Meet the Members: Adam Witchell

Adam Witchell is our second featured member in this issue. Adam has had a busy career, starting as a greenkeeper at Aberdovey Golf Club and going on to secure Head Groundsman roles at Forest Green Rovers Football Club and Calne Town FC. 

Adam has recently left his role as the Head Groundsman at Harlequins Rugby Club, while also working as a Pitch Advisor for Wiltshire FA. Here, Adam shares how an injury while training for the Royal Marines led him into greenkeeping, his thoughts on working overseas, and which songs would feature in his ultimate work playlist.

What inspired you to pursue a career in turf?

After suffering an injury whilst training to become a Royal Marine Commando, I started to work at my local golf club, Aberdovey, on the greens. I quickly discovered I loved being outside and working as part of a team—I’ve never looked back.


How did you find your current job at Harlequins?

I love it! The people at the club are such a fantastic bunch and Nurture (The Nurture Landscapes Group, Adam’s employer) have been good and very supportive, although the 2-hour commute each way can be testing at times.

Being the only natural construction left in the Premiership it has its struggles. The scrums damage at the beginning was hard to take. But I have worked hard on recording and collating all the data from testing the pitch, especially before games, to see where the sweet spot is as regards to surface hardness and soil moisture. I have a guide now to work to and we have seen a reduction in the amount of damage from scrummaging.

How do you rate apprenticeships as a pathway into turf maintenance? 

I think the pathways are becoming clearer and we’re seeing a way for younger students to start off on a career in Sports Turf.  I see a lot more courses online as well as colleges offering courses too.


Do you have an apprentice? 

Yes, Tyler.  He’s developing very well and I can see a great future for him in this industry.


Would you ever consider working overseas?

Yes, although having a young family I think I would struggle, but I do wish I did it when I was younger. I’ve read a lot about Bermuda grass and clubs abroad carrying out a transition to rye during the season, (which is) fascinating and something I would like to be involved in help out—especially seeing the results.


What’s the most surprising thing you’ve learned about yourself since starting your groundskeeping journey?

I have learned how adaptable I can be and also how calm I can be in a crisis. 


If you could create the perfect playlist for a day on the job, what songs would be on it?

Hmm, I think I would have some summer tunes, maybe Summertime by Will Smith, and some upbeat motivational music when you start an early cut: Blow by Ed Sheeran, Yeah! by Usher, Lil Jon, and Ludacris, and Survivor’s Eye of the Tiger is always a winner when you’re doing match prep.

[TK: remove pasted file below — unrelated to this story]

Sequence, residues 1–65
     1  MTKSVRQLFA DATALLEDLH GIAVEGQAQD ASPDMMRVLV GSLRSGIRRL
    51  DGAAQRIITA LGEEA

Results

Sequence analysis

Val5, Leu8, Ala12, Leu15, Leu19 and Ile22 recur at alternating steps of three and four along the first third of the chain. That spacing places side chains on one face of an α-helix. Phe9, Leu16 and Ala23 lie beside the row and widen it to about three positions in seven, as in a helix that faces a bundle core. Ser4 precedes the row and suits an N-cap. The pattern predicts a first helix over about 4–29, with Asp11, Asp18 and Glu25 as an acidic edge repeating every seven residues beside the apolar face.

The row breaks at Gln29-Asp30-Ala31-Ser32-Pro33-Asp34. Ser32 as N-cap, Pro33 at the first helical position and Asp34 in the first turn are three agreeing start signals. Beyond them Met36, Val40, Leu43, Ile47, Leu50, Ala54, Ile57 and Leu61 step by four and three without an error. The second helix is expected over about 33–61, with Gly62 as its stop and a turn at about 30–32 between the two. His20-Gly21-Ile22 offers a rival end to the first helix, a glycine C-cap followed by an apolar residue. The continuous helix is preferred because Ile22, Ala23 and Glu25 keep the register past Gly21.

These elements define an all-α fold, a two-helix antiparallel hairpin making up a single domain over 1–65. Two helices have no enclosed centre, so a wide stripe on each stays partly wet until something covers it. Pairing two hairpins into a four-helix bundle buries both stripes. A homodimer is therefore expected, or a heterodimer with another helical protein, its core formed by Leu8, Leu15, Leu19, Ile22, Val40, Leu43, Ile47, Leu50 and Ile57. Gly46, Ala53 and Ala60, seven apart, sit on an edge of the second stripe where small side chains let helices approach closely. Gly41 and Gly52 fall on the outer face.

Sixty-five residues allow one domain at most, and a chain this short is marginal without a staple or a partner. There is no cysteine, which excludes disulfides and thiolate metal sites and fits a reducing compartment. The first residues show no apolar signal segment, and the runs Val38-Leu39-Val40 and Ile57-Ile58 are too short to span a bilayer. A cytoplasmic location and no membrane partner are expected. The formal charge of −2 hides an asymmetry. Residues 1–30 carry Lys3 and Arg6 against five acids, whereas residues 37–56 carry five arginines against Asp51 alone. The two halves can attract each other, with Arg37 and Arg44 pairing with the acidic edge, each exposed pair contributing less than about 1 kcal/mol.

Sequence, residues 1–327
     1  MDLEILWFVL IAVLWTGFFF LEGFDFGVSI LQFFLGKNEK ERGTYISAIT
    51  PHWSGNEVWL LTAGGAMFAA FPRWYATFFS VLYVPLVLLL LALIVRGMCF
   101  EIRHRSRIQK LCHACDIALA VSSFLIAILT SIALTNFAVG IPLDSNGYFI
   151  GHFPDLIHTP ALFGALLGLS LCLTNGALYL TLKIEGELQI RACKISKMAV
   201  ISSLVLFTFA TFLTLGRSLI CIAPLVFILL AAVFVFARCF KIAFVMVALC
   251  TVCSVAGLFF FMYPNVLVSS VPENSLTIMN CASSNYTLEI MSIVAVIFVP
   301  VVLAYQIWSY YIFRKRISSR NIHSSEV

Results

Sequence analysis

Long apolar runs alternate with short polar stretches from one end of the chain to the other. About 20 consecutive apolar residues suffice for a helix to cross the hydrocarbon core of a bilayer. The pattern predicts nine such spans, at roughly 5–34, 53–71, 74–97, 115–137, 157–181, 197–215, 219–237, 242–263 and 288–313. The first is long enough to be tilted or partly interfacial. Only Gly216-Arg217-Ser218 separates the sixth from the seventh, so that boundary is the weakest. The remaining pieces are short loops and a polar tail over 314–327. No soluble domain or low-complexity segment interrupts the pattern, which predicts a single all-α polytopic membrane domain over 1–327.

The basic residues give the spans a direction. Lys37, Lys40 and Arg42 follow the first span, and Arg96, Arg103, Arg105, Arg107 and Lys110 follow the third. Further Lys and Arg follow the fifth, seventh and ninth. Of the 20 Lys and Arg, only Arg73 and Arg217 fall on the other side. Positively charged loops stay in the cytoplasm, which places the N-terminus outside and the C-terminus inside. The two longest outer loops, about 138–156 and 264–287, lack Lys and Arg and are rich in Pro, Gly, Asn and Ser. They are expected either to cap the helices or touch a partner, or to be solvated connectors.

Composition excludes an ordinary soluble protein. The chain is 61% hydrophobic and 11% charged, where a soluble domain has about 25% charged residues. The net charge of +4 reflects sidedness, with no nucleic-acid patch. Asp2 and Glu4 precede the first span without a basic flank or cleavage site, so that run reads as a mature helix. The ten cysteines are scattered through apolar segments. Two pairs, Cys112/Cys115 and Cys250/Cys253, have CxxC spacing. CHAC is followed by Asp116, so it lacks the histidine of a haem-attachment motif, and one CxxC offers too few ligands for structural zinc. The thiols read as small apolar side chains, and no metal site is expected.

What’s one piece of equipment you couldn’t live without, and how does it make your job easier or more enjoyable?

We have a Dennis 34R rotary and that does an incredible job at cleaning up after a match, but also, the quality of cut is impressive. We still use a couple of Hondas to clean up after matches, but for women’s matches, it’s only me. I use the 34R—carrying out a Honda on your own, I would never get home.

Adam Witchell presenting at Groundsfest 2023

What’s the most challenging weather condition you’ve faced while working in the stadium, and how did you handle it?

About 60 minutes before kick-off against Sale Sharks, we had about 40 millimeters of heavy rain in 20 minutes, which was not forecast. Luckily, the white lines held out, but we had a lot of standing water along the sides of the pitch and in front of the tunnel. I raced around with the Bowdry and had other helpers forking behind me, squeegeeing the water off while I soaked it up with the Bowdry. We got the game on, but that was a mess after the full-time whistle as the pitch has poor infiltration.


What goals and aspirations do you have for your career in turf for the long term, and how has this opportunity brought you closer to achieving them?

I generally just want to be a better Turf Manager next year than I am this year and eventually keep chasing the Turf Manager that I want to be in 10 years, always improving. I also want to help as many people along the way as I can.


What keeps you in the industry?

The work, the incredible people in this industry, and always learning new things and better techniques.


What inspiring words would you say to young greenkeepers?

Sometimes the hardest thing to do is to do nothing on a pitch, especially in the harsh months of winter, but also that is the best thing to do. That was the hardest lesson I learned as I always wanted to fix everything and make it better, but it just put more stress on myself and the surface and eventually just made things worse!

The Stoop, post renovations